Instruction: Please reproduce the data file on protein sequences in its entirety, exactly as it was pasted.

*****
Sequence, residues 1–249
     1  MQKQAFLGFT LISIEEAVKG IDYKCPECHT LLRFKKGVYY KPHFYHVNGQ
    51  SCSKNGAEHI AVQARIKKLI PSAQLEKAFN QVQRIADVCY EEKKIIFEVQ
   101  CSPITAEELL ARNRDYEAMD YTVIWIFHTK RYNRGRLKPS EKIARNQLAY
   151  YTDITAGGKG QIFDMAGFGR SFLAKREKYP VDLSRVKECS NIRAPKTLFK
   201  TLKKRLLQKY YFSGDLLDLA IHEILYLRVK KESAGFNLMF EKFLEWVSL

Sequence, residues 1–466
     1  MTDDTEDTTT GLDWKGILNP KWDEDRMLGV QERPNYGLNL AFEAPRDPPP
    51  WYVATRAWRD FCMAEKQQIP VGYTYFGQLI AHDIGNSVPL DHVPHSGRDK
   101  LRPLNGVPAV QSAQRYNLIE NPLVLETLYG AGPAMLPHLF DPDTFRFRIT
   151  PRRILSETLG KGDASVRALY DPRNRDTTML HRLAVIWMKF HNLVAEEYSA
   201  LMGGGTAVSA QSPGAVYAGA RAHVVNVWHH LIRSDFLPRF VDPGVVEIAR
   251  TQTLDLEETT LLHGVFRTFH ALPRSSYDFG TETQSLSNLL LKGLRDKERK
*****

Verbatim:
Sequence, residues 1–249
     1  MQKQAFLGFT LISIEEAVKG IDYKCPECHT LLRFKKGVYY KPHFYHVNGQ
    51  SCSKNGAEHI AVQARIKKLI PSAQLEKAFN QVQRIADVCY EEKKIIFEVQ
   101  CSPITAEELL ARNRDYEAMD YTVIWIFHTK RYNRGRLKPS EKIARNQLAY
   151  YTDITAGGKG QIFDMAGFGR SFLAKREKYP VDLSRVKECS NIRAPKTLFK
   201  TLKKRLLQKY YFSGDLLDLA IHEILYLRVK KESAGFNLMF EKFLEWVSL

Sequence, residues 1–466
     1  MTDDTEDTTT GLDWKGILNP KWDEDRMLGV QERPNYGLNL AFEAPRDPPP
    51  WYVATRAWRD FCMAEKQQIP VGYTYFGQLI AHDIGNSVPL DHVPHSGRDK
   101  LRPLNGVPAV QSAQRYNLIE NPLVLETLYG AGPAMLPHLF DPDTFRFRIT
   151  PRRILSETLG KGDASVRALY DPRNRDTTML HRLAVIWMKF HNLVAEEYSA
   201  LMGGGTAVSA QSPGAVYAGA RAHVVNVWHH LIRSDFLPRF VDPGVVEIAR
   251  TQTLDLEETT LLHGVFRTFH ALPRSSYDFG TETQSLSNLL LKGLRDKERK